Long-term Survival in a Patient with Metastatic Spinal Cord Compression from a Prostate Cancer with Ultra-high PSA: Case Report and Review of the Literature
- Additional Document Info
- View All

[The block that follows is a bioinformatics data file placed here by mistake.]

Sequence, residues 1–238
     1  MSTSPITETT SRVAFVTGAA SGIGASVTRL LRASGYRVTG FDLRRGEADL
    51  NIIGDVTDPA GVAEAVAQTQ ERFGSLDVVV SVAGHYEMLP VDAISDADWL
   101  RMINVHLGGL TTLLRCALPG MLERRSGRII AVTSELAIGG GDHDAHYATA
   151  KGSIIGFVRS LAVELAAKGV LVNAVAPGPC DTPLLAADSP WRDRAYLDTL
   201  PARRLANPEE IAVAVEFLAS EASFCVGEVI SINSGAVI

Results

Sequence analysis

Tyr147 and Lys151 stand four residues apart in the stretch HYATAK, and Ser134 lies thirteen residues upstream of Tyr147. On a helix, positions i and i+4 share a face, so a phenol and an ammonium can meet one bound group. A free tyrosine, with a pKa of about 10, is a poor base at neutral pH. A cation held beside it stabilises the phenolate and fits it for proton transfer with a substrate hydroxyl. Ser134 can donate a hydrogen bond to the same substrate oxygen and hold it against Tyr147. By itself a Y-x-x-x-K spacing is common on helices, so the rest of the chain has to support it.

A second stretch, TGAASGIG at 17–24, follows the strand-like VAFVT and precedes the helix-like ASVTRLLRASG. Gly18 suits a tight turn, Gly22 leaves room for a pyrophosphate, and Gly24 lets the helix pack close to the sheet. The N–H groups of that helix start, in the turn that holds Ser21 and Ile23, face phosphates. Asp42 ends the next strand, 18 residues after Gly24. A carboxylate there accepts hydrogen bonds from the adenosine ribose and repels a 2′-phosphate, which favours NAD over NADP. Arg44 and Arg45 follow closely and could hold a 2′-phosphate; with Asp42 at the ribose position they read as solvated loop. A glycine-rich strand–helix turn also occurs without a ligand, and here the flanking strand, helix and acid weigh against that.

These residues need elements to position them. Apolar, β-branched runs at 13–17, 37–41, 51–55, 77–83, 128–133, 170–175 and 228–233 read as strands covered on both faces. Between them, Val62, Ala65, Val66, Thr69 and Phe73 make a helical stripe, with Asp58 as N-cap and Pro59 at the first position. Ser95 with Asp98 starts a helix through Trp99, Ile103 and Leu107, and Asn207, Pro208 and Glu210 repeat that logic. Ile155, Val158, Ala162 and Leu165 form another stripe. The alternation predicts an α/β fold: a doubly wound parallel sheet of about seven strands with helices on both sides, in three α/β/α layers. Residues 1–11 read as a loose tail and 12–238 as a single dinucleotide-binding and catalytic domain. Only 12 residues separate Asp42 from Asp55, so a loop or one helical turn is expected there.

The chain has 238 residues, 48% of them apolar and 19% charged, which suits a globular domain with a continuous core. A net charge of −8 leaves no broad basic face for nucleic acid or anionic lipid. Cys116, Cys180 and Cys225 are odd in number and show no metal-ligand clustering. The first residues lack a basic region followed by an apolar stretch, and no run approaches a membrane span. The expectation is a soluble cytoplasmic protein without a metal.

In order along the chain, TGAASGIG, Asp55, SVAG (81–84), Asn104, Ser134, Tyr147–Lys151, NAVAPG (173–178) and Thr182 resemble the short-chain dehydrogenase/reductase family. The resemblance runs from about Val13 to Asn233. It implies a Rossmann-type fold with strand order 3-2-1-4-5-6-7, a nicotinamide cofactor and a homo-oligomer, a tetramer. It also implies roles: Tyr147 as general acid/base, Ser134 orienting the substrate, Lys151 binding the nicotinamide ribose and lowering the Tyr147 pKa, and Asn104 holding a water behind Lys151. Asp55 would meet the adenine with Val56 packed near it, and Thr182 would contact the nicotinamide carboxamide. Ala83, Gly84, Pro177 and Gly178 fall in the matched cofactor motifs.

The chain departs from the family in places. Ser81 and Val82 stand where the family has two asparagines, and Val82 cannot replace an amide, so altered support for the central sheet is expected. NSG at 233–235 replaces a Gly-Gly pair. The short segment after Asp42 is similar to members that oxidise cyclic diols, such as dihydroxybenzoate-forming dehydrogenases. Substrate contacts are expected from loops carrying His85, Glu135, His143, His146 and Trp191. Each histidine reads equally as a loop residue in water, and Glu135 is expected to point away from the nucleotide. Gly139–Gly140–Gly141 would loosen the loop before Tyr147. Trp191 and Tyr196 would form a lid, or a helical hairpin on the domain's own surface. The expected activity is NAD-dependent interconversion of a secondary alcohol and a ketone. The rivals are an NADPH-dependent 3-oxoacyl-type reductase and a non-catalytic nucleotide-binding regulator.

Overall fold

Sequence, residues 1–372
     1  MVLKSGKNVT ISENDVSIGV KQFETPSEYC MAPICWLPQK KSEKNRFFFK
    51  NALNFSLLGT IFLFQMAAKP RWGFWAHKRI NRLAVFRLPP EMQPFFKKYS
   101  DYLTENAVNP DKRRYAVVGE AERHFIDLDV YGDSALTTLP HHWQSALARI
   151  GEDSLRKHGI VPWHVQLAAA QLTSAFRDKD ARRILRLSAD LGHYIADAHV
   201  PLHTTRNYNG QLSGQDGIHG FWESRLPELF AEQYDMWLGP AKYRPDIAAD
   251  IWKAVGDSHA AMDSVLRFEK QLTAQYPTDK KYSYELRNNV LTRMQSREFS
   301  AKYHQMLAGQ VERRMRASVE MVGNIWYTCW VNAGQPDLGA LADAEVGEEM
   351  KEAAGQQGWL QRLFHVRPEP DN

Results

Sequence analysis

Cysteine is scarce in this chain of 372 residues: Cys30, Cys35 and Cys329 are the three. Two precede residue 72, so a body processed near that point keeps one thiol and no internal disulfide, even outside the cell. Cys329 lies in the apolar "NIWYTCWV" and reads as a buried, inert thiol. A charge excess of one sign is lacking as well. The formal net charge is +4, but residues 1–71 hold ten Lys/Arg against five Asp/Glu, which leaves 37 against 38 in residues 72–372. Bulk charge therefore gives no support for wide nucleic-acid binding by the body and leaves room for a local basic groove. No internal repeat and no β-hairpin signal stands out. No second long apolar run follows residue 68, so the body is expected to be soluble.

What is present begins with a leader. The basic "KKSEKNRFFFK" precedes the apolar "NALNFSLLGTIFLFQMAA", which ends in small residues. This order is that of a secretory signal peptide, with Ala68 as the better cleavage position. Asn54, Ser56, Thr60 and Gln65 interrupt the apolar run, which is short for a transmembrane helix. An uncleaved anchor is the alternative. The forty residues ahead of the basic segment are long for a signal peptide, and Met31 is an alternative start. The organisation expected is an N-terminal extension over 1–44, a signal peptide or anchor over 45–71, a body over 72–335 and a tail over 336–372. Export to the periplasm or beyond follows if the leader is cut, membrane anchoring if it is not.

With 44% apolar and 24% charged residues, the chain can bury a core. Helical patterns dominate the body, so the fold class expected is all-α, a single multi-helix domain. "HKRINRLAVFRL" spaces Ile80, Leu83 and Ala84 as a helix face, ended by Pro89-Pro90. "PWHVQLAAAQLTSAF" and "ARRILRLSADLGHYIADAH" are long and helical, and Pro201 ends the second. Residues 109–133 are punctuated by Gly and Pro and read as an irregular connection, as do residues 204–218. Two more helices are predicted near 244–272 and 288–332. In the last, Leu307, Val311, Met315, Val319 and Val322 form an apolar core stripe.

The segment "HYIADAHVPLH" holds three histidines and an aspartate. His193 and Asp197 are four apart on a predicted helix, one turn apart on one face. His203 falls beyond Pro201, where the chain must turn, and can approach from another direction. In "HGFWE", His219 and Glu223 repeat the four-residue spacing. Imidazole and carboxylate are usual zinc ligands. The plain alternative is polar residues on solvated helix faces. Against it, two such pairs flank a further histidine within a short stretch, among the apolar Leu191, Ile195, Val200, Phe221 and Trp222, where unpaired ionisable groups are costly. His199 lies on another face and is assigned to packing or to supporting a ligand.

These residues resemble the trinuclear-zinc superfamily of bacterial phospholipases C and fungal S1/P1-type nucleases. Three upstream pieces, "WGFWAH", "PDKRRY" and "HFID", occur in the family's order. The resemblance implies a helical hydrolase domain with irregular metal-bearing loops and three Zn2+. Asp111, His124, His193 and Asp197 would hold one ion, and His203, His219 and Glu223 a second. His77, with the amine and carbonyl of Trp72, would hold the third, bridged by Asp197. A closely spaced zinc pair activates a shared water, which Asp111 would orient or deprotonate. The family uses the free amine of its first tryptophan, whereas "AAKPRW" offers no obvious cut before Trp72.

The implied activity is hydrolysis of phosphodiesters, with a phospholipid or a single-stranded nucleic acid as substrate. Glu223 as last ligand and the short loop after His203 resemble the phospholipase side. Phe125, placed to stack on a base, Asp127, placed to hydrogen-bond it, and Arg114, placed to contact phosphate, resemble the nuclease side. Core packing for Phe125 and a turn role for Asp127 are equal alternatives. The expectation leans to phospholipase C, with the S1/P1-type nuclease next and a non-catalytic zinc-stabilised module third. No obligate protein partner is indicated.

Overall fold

A 77-year-old man presented to the hospital for non-ambulation of 48 hours prior to admission. He was found to have a metastatic spinal cord compression (MSCC), a PSA exceeding 27,000, and biopsy-confirmed prostate cancer. After palliative radiation (RT) to the spine and medical treatment, the patient recovered his functions fully and survived for more than 7.5 years, far beyond what would be expected based on current published literature. A systematic review of the literature of MSCC in patients with prostate cancer was carried out. Prognostic factors of ambulation after RT included pre-treatment neurological status, duration of neurological deficits, and severity of the neurological impairment. Positive predictive factors of local control included single level of metastasis, time of development of motor deficits of more than 14 days, no prior androgen-deprivation therapy (ADT), age under 65, and longer course of RT (10 fractions of 2 Gy). Absence of prior ADT, pre-treatment ambulation, a single site of metastasis, and haemoglobin of less than 12g/L were positive predictors for survival.